HELIX CHARTER HIGH SCHOOL STUDENTS WALK OUT OF CLASSES TO PROTEST AGGRESSIVE ARREST OF SUSPENDED STUDENT

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By Paul Kruze

Watch ECM news partner 10News Video of students speaking at Helix

Update January 24, 2018:  La Mesa Police have identified the officer, Scott Wulfing, and indicated he is assigned to administrative duty pending the outcome of an investigation.

January 23, 2018 (La Mesa) -- A group of some 200 students at Helix Charter High School on Monday morning walked out of their classes and gathered in front of the school chanting “Justice for Bri” to protest the aggressive arrest of an allegedly unruly 17-year-old female student on Friday afternoon.

The officer forced the handcuffed African-American girl, who has not been identified, to the ground. The San Diego Union-Tribune today reports that the La Mesa Police Department's school resources officer for Helix has been reassigned and will not be working in any schools until an investigation is concluded.

As ECM reported, a 30-second video posted on social media shows part of the altercation that occurred after the student on administrative suspension refused multiple requests to leave campus, police  indicated in a press release. When she didn’t cooperate, the school resource officer handcuffed her and led her to the school’s office, according to LMPD Chief Walt Vasquez. Vasquez says the student on two separate occasions did not listen and attempted to free herself by pulling away from the officer, who has not been identified.

To prevent the student from escaping, the officer slammed the handcuffed student to the ground. Witnesses say the officer forced her to the ground twice. After the student agreed to quit resisting or trying to escape, the officer assisted her up and they proceeded to his patrol vehicle.

According to police reports, the student suffered minor abrasions during the incident. She was evaluated by paramedics at the police station, who determined that her scrapes did not require treatment.

Flanked by local television media, a friend and spokesman for the student’s family, Aeiramique Meeka, opened the rally by saying that what happened was unacceptable.

“We are demanding that the officer be removed from all campuses. We are tired of our police departments justifying the injustice that take place in San Diego. We are not standing for it anymore,” she said. “These youths, the community, the parents is here today to stand with Bri and to stand with the rest of the youths that have experienced these injustices across San Diego County.”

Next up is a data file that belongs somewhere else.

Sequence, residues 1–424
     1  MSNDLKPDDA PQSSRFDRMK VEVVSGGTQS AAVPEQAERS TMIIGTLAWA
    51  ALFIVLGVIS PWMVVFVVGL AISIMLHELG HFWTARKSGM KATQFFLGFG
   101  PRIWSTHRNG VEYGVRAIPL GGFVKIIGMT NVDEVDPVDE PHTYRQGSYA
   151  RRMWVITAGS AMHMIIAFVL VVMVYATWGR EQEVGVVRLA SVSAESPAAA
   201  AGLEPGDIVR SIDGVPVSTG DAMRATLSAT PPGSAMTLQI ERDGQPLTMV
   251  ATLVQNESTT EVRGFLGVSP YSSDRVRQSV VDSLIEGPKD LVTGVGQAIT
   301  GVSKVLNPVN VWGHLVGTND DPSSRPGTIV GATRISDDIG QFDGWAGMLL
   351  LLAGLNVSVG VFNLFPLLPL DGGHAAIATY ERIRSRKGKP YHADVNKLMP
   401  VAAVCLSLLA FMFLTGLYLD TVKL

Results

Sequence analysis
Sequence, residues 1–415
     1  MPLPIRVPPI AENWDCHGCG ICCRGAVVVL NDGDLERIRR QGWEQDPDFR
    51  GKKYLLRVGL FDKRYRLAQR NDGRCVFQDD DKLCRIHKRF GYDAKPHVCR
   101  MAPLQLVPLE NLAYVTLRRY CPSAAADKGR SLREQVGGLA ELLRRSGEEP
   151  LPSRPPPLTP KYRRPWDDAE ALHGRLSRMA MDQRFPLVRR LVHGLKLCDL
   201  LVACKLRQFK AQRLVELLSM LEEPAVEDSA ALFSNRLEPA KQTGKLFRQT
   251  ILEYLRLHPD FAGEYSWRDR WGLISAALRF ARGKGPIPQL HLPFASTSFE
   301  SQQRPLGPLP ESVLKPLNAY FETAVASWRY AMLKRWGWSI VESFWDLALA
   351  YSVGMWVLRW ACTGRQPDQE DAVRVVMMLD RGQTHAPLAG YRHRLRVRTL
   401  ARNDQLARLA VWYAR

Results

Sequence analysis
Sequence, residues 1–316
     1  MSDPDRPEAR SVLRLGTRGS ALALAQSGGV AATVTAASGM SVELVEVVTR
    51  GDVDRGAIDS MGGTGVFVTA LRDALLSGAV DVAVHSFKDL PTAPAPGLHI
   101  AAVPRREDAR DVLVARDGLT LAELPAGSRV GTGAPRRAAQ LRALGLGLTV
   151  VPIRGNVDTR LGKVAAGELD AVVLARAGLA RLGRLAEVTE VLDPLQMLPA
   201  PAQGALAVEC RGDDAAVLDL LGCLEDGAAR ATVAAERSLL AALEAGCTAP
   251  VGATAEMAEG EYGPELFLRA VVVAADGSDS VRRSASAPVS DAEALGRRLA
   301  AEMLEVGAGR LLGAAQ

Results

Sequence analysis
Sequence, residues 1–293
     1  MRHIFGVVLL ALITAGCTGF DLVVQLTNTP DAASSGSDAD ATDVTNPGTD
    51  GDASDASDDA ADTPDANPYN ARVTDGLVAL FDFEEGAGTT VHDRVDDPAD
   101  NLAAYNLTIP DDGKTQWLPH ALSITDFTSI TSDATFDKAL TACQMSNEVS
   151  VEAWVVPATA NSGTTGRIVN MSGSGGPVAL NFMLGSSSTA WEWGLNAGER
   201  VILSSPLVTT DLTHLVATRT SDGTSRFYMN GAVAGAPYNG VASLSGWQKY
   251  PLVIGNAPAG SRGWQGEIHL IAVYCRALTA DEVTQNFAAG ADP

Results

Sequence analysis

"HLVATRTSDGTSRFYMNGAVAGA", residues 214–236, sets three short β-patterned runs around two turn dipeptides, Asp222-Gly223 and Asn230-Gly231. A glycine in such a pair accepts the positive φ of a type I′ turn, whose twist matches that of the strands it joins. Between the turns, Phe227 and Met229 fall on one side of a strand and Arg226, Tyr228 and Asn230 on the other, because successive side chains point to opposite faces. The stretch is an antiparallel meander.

She indicated that the student is a straight-A student and said police have been “inconsistent” in characterizing what led up to the officer's action.

According to the Union-Tribune, Meeka earlier stated that the student was attending an in-school suspension for being tardy when she told her teacher she felt ill and suffers from anemia. According to Meeka, a teacher accused the girl of taking drugs and the student gave permission for her backpack to be searched. No drugs were found, but the teacher did find pepper spray, which is illegal for a minor to possessin California, so she was told to leave. another media outlet has indicated she  reportedly carried pepper spray for self defense because she rides a trollely from southeast San Diego. 

Several other speakers at the rally mirrored the words of a Helix High School senior student named Destiny who said, “For the actions which took place on our campus is not something I’m shocked by. If anything, I’m more heartbroken, because I’m used to this. As I’m used to police officers using their power to make someone feel useless and use excessive force. I’ve seen officers use excessive force my whole life.”

She added, “This protest is not about race. It isn’t about gender. It is about a police officer using excessive force on a teenage student. Watching the video, my heart broke. I watched it once and I watched it again to see the reality of it all.”